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This whole employer vaccine mandate thing has not exactly snuck up on anyone. Based on the last 21 months or so, anyone with a hint of foresight should’ve seen it coming. And as much as they may have wanted to believe it would not come to this — it has.

UnityPoint, for example, will allow its mandatory vaccine policy to go into effect Sept. 1 and the first dose of the vaccine must be injected into its workers by Oct. 1. These are deadlines that are rapidly approaching.

It is highly unlikely the legislature will conduct its special session for redistricting — and whatever else it decides to do — by the Oct. 1 deadline.

There are essentially five weeks left before Iowans start receiving pink slips for not receiving an experimental injection. They are already being coerced and pressured into taking the jab if they have not already.

And yes, I understand the argument that we do not want government restricting private businesses. But in this case, we’re talking about preventing people from having to choose between their livelihood or having something injected into their body that will always be with them — at work, home or play.

This is not your typical government overreach or government interfering with private enterprise. This is about the government’s interest in ensuring people have jobs and individual rights to go along with liberty.

Keep in mind many of these businesses who do not want the government dictating anything to them today were first in line for government (read taxpayer) money to survive the COVID-19 outbreak. Who did those companies turn to for help? The government. Again, read taxpayers.

Who are taxpayers? People who have jobs. The same people some of these companies are now requiring to take a jab to keep those jobs.

So the whole keep the government out of private business just is not something I can quite agree with in this instance. Besides, there are exceptions to every rule. We have to be wise enough to discern when one principle (individual liberty, bodily autonomy) trumps another principle (less government regulation).

Think of the consequences if 25 percent of the health care workforce is fired. We already have a worker shortage, so it is difficult to understand how any sane administrator of a health care facility would cut more staff in the midst of a pandemic.

More people on unemployment. Fewer people to offer services. Everyone is impacted in a negative way.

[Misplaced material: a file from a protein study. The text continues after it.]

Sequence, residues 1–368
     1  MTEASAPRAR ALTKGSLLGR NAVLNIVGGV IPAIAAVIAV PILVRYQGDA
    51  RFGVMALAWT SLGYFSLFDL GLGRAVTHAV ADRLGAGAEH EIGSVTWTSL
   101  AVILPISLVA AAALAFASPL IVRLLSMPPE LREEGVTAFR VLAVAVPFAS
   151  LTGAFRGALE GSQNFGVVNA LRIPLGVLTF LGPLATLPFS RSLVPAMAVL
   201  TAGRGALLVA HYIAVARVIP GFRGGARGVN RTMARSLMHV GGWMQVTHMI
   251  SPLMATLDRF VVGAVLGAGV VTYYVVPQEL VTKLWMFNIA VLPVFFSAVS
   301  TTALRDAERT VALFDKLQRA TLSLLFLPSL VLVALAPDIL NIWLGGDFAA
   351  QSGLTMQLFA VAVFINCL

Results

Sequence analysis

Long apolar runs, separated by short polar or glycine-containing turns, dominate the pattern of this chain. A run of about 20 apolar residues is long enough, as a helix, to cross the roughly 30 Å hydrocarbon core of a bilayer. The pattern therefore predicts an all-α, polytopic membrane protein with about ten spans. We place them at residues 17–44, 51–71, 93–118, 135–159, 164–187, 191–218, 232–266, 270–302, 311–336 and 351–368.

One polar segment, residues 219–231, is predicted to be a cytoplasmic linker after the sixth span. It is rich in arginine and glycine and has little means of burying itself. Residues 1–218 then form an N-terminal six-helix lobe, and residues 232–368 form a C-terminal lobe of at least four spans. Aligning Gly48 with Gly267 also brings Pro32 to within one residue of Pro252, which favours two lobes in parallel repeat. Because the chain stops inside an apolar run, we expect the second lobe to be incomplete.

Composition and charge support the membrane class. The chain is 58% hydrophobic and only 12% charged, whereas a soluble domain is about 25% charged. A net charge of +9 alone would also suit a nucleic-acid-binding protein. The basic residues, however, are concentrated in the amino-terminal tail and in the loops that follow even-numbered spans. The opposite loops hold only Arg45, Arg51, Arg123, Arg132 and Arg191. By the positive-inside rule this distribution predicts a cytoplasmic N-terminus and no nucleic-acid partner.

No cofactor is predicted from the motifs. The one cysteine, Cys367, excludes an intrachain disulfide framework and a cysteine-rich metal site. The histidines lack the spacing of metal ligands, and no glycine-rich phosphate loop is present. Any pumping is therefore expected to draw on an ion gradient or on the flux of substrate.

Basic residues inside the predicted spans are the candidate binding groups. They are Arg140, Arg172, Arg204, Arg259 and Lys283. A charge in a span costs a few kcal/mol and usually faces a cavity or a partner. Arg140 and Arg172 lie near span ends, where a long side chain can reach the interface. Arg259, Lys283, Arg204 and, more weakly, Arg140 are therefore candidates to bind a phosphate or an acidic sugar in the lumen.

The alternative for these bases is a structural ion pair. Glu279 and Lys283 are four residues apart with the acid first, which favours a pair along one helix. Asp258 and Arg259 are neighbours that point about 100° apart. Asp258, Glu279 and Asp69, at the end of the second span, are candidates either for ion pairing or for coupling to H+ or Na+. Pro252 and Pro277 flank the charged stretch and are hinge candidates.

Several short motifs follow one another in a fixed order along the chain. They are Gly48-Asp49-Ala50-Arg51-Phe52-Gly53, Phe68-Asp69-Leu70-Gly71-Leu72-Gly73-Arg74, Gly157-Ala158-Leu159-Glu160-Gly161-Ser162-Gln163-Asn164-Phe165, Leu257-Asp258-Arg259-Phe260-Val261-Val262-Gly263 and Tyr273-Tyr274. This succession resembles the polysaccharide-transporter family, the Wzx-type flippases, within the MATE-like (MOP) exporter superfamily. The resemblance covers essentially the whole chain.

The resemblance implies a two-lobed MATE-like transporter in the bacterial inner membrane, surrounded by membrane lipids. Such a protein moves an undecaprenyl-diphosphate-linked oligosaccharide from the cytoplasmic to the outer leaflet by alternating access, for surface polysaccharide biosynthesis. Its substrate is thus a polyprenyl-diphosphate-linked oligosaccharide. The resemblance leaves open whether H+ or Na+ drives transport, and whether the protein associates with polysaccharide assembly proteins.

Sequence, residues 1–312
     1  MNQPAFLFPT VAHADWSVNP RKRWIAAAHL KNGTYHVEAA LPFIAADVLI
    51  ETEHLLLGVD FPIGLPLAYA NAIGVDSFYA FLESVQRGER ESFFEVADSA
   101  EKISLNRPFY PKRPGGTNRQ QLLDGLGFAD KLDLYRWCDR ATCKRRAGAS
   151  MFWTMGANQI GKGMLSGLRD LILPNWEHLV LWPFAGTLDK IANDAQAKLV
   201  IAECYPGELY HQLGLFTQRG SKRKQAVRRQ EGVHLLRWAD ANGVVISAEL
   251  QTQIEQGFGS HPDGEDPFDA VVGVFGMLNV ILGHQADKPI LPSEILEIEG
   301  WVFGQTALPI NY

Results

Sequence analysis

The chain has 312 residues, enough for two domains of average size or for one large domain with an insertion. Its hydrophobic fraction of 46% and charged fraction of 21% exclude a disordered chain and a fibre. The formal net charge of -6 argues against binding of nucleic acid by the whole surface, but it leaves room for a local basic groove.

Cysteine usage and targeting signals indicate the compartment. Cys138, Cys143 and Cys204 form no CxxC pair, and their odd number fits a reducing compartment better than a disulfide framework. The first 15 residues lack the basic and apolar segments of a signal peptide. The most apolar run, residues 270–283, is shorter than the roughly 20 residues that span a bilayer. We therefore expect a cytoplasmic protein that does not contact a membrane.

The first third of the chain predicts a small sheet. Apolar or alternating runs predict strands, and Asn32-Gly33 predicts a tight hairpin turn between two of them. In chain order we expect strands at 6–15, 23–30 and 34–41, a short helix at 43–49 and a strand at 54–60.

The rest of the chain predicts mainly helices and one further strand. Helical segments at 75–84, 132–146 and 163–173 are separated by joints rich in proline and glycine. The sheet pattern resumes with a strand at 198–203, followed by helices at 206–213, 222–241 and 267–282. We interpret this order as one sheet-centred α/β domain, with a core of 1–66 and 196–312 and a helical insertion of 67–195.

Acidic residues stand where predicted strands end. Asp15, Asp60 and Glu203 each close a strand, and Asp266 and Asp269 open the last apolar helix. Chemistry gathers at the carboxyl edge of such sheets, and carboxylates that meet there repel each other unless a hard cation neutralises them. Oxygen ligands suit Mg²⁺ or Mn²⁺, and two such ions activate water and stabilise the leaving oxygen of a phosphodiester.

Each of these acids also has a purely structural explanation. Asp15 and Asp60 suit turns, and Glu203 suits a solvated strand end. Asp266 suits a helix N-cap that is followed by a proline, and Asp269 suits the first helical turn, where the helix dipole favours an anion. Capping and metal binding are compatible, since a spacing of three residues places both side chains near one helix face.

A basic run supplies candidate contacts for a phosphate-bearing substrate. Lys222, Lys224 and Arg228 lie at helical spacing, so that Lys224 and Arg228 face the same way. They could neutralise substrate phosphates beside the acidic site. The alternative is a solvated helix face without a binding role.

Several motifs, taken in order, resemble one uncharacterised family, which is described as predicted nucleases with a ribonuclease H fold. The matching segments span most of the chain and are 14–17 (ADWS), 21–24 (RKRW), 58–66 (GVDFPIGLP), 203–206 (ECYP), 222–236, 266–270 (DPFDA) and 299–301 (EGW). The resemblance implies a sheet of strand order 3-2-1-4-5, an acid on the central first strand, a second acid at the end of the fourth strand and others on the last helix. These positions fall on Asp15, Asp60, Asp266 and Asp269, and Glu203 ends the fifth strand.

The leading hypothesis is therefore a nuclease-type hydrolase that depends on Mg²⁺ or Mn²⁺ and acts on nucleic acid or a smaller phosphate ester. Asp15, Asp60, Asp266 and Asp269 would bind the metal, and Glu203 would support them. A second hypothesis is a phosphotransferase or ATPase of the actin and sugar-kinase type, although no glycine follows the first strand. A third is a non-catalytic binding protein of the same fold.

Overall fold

Who wins in the current scenario? Nobody.

There are two possible solutions — Governor Kim Reynolds could end it all with an Executive Order until the special session for redistricting takes place or the legislature could convene for a special session aside from redistricting and tackle the most pressing issue of our time.

That first possibility is pretty easy to figure out. The second one still comes down to Gov. Reynolds — as she would have to call for the special session. It is highly unlikely two-thirds of the legislators in each chamber would call for such a session.

So, no matter how you look at this, it is pretty obvious that Gov. Reynolds is holding all the cards right now.

It is difficult to imagine Reynolds alienating anyone with an executive order to stop the employer vaccine mandates — with one exception.

I mean, it is really hard to believe anyone unvaccinated at this point is going to vote Democrat in 2022. And it’s hard to believe anyone who believes private businesses should have the power to require employees be vaccinated and will vote based on that issue is going to vote for Reynolds anyway in 2022.

So, the only thing she really has to lose is potential donations from the big business community ahead of her re-election year.

Is it risky? Maybe. For her.

But the decision on her shoulders is simply a matter of re-election at worst. For the employees faced with this dilemma of getting the shot or getting fired — the decision may well feel like it is life or death.

It is great seeing encouraging social media posts from Iowa lawmakers who promise to do all they can about the situation. And it is reassuring to hear Gov. Reynolds say she will continue to fight for individual rights and liberties.

But the time for talk is running out. And once the final speck of sand falls from the hourglass, if nothing is done between now and then, all of the words we hear today will have been nothing but empty promises.

Iowans deserve more than that. Much more. Hopefully it doesn’t take us all five weeks to find out if they’ll get it.

Author: Jacob Hall